In regards to fellowship halls, it seems you gave two different answers


I was reading through some of your questions and answers regarding fellowship halls. I'm a little confused. In one post about the subject, someone asked if they could still worship as long as they didn't attend the meal. The answer was yes and Revelation 3:4 was cited. In a different question, someone asked about using the building for weddings, funerals, and fellowship halls, and you stated a person who disagrees with fellowship halls can't avoid it by just not going.

I understand that if I buy gum at a gas station that also sells alcohol. Most people wouldn't assume that I approve of drinking. But what about the fact that the money I spend will be used by that business to buy more alcohol? That's the thing that's tripping me up.


In "If you can have fellowship with people who differ in one area, why can't you have fellowship with those who have kitchens and fellowship halls?" the problem addressed is the use of a person's contribution to the local church. Those who use the building for social purposes all too often spend money from the church's treasury for these events. So while a member may want to avoid being a part of these events, their contributions to the church still make them a part of it.

In "Should we leave our current church because of unbiblical practices?" the problem was slightly different because the issue was that there was no congregation in the area practicing the biblical way using the church's funds. There I suggested that they worship with a group, but send their contributions elsewhere. Since their funds would not be supporting what they saw as wrong, they could avoid the events where church funds were being inappropriately spent. It is not an ideal situation, but it allows the individual to worship without violating his conscience.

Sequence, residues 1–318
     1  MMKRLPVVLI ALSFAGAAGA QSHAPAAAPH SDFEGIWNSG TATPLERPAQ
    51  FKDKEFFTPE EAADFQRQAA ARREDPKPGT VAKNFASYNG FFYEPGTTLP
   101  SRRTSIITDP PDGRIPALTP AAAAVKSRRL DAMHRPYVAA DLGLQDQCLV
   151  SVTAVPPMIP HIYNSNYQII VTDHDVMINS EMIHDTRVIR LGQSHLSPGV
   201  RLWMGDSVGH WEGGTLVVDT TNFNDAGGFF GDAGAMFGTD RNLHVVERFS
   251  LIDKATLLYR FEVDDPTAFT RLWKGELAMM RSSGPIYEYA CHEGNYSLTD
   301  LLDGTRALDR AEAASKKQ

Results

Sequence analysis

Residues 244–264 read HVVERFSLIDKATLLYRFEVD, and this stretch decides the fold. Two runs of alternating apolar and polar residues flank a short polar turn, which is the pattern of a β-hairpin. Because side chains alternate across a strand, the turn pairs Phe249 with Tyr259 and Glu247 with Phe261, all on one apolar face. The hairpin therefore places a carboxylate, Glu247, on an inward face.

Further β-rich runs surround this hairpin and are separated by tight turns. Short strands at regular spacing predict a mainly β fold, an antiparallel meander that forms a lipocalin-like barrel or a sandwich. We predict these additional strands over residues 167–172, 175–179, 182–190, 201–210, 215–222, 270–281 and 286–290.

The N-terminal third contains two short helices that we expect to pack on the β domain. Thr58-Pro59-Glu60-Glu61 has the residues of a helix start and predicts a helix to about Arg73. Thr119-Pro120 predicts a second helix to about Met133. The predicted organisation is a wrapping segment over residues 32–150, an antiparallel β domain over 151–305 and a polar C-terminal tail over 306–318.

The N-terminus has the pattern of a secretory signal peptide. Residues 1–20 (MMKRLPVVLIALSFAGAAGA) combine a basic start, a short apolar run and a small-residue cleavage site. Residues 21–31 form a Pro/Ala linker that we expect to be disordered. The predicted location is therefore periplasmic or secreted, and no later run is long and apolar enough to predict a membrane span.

In "Should the church building be used for weddings or funerals?" more detail is given about the use of the building for things that the church does not pay to support. Here consideration is given to each individual's conscience.

In regards to buying gum from a store that also happens to sell alcohol, you cannot control how the store owners choose to spend their money. In this case, it is like buying meat from the market that just happened to come from an idol's temple. The source of the meat is out of your control because you are not the butcher. You are buying meat, not its source. "Eat anything that is sold in the meat market without asking questions for conscience' sake" (I Corinthians 10:25). In this case, you are buying gum, not alcohol. In fact, because of that, you are encouraging the owner to invest in more gum because it is being sold. If fewer people bought the alcohol, the stores would not buy it as much.

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